While out on a trip with Roger Mitchell, we stopped to visit a little boulder cave out in the Mojave Desert. The cave is only a few feet long, but in the center is a large, flat granite boulder. Its surface is covered with cupules and edges polished smooth by touch of many hands over a long period of time. It is amazing to think of how many hands must have touched this rock to get it this smooth.
Back in 1862, Owens Valley was not quite as peaceful as it is today. White settlers were just moving in and starting up ranches. Prospectors were combing the hills in search of that elusive next big strike. The Paiute, Shoshone and Kawaiisu people who lived here didn’t appreciate being forced off their lands and losing access to water and springs because of cattle. They led raids and ambushes against the newcomers to try and force them out. People were being murdered on both sides. The situation escalated and turned into what was later called the Paiute War.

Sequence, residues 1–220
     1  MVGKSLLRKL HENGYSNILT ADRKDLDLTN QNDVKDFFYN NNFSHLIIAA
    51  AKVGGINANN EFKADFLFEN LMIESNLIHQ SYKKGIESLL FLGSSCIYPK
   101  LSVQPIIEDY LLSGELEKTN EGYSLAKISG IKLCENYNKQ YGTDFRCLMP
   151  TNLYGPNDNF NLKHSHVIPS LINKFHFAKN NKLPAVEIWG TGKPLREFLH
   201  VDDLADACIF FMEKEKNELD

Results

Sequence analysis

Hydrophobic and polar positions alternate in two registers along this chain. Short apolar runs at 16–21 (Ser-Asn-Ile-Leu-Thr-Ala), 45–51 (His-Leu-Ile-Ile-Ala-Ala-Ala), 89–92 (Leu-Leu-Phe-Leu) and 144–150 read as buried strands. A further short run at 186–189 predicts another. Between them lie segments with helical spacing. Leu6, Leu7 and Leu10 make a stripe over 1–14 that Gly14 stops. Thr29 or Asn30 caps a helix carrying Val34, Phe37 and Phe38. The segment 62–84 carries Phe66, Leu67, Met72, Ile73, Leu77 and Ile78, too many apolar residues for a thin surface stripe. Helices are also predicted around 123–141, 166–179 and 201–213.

The mine was a minor producer of zinc, lead, silver, and gold. It was first located in 1913 but wasn’t worked until 1915. It was active only for a few short years and idle by 1918.
So after I posted the misc photos for 2014, I realized there was a lot of photographs from 2013 that never made it on the site; way more than half. I was pretty busy in 2013. Highlights for me include a trip to the Mt Wilson Observatory and hiking over 70 miles in Joshua Tree NP (in one week). I was out for an amazing 77 days in 2013. I did quite a few trips.
I realized that I am way behind on posts. Years behind in fact. Oh well. I will continue to post new and old stuff as I have time. Anyway, in a small effort to fix that, I decided to post some miscellaneous photos from 2014 that did not make it into a trip report yet.
Poinsettia was once a cinnabar mine. Reportedly, the mine was worked from 1929 to WWII, but information is hard to find on it and no production was recorded. It is doubtful much cinnabar was ever mined here. Cinnabar is a primary ore for mercury, which is important in the gold recovery process.
Back on a cool April day, Dan and I hiked out to a little cabin ruin out near Harrisburg Flat in the Death Valley backcountry. Harrisburg Flat is on the way to the old townsite of Skidoo. These days nothing much remains of that town, or its former rival, Harrisburg, but the Skidoo stamp mill is worth a visit.